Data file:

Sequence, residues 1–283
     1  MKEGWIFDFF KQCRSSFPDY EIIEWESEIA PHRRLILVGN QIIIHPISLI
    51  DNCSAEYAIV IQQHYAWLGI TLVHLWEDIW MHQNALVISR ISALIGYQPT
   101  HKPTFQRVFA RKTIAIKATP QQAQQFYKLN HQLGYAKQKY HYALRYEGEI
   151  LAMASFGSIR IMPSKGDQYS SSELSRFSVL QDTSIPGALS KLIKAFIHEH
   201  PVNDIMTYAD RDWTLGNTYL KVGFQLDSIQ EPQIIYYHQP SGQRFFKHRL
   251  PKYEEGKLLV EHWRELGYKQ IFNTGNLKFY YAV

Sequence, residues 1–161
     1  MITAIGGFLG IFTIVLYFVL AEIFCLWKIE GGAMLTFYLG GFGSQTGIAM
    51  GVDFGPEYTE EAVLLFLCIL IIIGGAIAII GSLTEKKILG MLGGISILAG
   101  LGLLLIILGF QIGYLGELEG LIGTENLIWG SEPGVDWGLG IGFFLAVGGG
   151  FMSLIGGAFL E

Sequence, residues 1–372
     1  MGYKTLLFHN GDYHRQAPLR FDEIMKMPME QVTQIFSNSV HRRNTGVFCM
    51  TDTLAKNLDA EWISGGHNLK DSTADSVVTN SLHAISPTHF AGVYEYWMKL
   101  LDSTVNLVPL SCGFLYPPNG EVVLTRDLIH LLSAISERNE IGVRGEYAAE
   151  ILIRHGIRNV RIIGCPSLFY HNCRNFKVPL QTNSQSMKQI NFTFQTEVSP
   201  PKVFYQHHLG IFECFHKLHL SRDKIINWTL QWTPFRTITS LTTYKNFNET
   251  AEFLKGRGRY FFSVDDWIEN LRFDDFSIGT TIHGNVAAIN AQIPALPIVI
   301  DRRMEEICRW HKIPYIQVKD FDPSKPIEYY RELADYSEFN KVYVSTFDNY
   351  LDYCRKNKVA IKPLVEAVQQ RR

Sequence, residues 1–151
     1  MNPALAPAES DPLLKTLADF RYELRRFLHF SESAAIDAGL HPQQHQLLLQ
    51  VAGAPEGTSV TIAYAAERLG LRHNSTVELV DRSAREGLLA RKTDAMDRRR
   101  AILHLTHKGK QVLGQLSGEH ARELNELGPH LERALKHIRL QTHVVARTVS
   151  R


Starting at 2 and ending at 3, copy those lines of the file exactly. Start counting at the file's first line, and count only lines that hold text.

     1  MKEGWIFDFF KQCRSSFPDY EIIEWESEIA PHRRLILVGN QIIIHPISLI
    51  DNCSAEYAIV IQQHYAWLGI TLVHLWEDIW MHQNALVISR ISALIGYQPT